I known they've been mentioned, but I use vim, screen, and cd - a lot.

I forgot noclobber:

set -o noclobber

From man bash:

If set, bash does not overwrite an existing file with the >, >&, and <> redirection operators. This may be overridden when creating output files by using the redirection operator >| instead of >.

I don't use $!, as it's really easy to fat finger, but I like hitting ^[-. (escape-period) to get the same effect. – David Wolever Sep 13 '09 at 16:19
Depending on your keyboard, etc., you can do Alt-. as well. – Dennis Williamson Sep 26 '09 at 15:26
Omg, tiny orgasm, ty Dennis! – artifex Mar 11 '10 at 12:38

Switch from bash to zsh, and see your productivity improve:

  • Really intelligent, scriptable tab completion. It completes not just command lines but all the options, names of man pages, package names (for apt-get / emerge etc), and what have you. And provides a helpful explanation of the options during the completion. All this without using any scrollback space after the command has been issued.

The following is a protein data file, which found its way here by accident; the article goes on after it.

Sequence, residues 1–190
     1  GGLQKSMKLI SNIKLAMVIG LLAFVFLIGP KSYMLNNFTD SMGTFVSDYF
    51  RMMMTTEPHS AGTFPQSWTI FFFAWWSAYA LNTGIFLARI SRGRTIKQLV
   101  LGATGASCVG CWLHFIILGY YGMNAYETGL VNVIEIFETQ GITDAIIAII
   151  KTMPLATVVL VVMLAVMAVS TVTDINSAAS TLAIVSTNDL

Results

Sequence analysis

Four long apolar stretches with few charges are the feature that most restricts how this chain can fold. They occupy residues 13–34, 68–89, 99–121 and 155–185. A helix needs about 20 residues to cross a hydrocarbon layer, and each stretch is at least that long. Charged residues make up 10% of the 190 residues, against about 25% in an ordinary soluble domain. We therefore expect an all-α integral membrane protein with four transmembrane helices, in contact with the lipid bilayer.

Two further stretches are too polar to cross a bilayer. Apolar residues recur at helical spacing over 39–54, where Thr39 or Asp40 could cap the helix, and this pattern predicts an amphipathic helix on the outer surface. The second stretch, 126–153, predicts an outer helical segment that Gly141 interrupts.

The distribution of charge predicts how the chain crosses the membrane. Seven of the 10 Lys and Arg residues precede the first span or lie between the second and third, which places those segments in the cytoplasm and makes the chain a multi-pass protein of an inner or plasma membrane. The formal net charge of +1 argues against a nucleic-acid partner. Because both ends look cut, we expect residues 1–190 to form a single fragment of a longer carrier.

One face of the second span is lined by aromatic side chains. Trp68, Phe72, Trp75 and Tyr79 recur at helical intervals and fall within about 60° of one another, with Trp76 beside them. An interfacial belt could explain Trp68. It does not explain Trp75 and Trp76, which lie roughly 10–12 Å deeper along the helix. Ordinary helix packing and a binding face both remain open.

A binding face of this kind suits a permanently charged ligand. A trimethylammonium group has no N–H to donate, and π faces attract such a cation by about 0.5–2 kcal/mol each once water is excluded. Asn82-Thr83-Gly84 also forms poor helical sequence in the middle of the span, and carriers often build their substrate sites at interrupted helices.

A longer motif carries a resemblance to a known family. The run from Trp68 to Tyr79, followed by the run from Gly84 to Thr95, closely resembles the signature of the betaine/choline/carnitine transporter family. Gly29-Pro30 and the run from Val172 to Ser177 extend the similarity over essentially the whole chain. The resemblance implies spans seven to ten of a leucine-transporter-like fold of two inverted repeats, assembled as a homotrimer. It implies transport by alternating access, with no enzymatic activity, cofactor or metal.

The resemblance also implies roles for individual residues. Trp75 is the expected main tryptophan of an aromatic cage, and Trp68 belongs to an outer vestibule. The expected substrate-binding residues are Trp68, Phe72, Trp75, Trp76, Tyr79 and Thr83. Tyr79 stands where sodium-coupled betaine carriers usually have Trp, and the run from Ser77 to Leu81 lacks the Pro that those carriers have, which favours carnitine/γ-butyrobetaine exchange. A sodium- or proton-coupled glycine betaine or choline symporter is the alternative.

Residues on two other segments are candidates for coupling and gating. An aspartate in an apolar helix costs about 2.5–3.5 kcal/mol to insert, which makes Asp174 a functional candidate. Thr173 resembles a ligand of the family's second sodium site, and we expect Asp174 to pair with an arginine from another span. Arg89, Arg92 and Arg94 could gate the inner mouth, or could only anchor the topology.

• Tab completion of wildcards; write cat *.txt, press tab, and choose between any files that match the expression.
  • Switch directories just by typing their names.
  • Several line editor modes. Can behave like vi or emacs if you want it to.
  • Customizable key bindings to do whatever you wish.
  • Themeable prompts, including the ability to put prompt information on the right side of the screen and have it auto-hide when typing a long command

Google will tell you many more benefits.

you should give more then a link. sounds interesting, but sell it to me man! – Cory R. King Mar 2 '09 at 20:47
Did they manage to include unicode support? – kyku Mar 2 '09 at 20:50
@Cory Alright, I just didn't want to plagiarize and it felt redundant to write my own when there's so much good stuff written by others already :) – flodin Mar 2 '09 at 20:54
@kyku yes, there's proper unicode support since maybe a year back. – flodin Mar 2 '09 at 20:55
looks cool. i'll give it a shot! – Cory R. King Mar 2 '09 at 21:24

Old school, moving a directory tree from one place to another, preserving symlinks, permissions and all that good stuff: